There is every indication that Sirk wanted to shoot this film in color. (He lost out on that, and on the ending, too, a ridiculous bit of tacked-on happy business reconciling the wife and husband in an uncomplicated and unconvincing manner). His 1952 film Has Anybody Seen My Gal is shot in sumptuous Technicolor; by contrast, the shadowy silver sheet of All I Desire must find other strategies to locate the emotions that find their signature expression in his color films. For a viewer who looks at this after the later Sirk melodramas, in fact, it's hard to believe that All I Desire is not in color. Some subjects demand color: the unbridled passion expressed through Dorothy Malone's feverish bedroom dance in Written on the Wind is unimaginable in black-and-white (at least, who would want to imagine Malone's ridiculous jitterbug in anything other than its vibrant reds and pinks?), just as the melancholy blues that color All that Heaven Allows ground the the film's enabling soap-opera conventions in a painterly style.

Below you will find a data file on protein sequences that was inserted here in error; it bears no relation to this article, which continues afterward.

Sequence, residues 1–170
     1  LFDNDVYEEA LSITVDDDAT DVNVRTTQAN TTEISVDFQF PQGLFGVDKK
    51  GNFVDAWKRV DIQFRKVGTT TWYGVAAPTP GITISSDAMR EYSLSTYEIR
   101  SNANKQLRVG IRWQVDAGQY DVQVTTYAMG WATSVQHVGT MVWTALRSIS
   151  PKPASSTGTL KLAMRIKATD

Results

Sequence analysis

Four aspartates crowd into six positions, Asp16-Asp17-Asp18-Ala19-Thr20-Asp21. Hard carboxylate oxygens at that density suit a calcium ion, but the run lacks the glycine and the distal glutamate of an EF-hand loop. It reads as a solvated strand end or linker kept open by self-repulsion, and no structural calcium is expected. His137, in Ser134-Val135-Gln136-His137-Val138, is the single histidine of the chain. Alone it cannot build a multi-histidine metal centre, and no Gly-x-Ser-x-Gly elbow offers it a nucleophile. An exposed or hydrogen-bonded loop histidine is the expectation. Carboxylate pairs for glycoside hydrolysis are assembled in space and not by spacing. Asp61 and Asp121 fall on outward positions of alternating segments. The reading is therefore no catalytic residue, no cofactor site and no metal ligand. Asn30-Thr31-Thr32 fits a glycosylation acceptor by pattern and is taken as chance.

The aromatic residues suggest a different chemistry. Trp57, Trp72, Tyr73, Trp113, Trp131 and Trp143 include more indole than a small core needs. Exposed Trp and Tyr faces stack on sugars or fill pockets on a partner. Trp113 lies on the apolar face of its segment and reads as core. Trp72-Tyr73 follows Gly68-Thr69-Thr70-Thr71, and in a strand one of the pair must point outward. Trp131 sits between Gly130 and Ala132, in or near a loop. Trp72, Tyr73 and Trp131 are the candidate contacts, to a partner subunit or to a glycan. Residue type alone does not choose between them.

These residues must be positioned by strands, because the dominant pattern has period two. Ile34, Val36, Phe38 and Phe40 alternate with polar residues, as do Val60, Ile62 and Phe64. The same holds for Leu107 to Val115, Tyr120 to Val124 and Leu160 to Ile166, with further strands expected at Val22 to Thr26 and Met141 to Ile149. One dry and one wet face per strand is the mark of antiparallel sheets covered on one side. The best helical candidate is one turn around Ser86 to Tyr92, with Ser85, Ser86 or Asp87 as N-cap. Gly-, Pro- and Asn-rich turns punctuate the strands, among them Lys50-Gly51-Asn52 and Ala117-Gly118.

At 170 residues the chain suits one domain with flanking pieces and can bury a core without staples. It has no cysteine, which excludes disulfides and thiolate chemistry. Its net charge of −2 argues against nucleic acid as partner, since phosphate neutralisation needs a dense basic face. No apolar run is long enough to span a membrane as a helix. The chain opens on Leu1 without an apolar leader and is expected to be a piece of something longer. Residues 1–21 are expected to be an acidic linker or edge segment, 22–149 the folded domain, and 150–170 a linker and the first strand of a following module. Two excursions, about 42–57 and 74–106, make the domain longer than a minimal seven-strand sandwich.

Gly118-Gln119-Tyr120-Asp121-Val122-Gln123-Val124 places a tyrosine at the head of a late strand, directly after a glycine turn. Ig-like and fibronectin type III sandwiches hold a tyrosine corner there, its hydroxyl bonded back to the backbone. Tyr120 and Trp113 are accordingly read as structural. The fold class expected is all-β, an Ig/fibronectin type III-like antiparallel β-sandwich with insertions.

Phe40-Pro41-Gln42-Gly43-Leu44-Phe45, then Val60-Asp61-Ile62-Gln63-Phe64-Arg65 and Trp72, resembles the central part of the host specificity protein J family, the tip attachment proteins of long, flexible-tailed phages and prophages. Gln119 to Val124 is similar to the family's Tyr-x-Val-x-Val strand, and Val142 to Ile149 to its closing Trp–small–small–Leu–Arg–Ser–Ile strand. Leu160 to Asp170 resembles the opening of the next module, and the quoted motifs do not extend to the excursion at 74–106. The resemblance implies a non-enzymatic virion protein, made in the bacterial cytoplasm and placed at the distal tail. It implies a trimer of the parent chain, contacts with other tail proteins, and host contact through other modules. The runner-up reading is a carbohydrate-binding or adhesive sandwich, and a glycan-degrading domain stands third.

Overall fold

But Sirk's methods in 1953 still manage to suggest the emotional undercurrents that the color of the later melodramas would amplify. In the first shots of All I Desire, his camera placement (in a high angle, looking down at the small town below) prefigures a camera position that would become the opening signature of All That Heaven Allows:
These sort of high-angle shots imply an omniscient view, a knowing figure outside the film who can frame, cut, and color the repressed emotional undercurrents of the fiction but is not subject to those same undercurrents himself. In Vincente Minnelli movies, there is a push-and-pull between the director's and the characters' control over mise en scene, exemplified by the glorious widescreen palette of The Cobweb (1955), which conveys the characters' dueling wills to control the color of curtains in a mental institution. In Sirk melodramas, by contrast, the mise en scene is often established, almost entirely, by forces beyond the control of the figures in the film.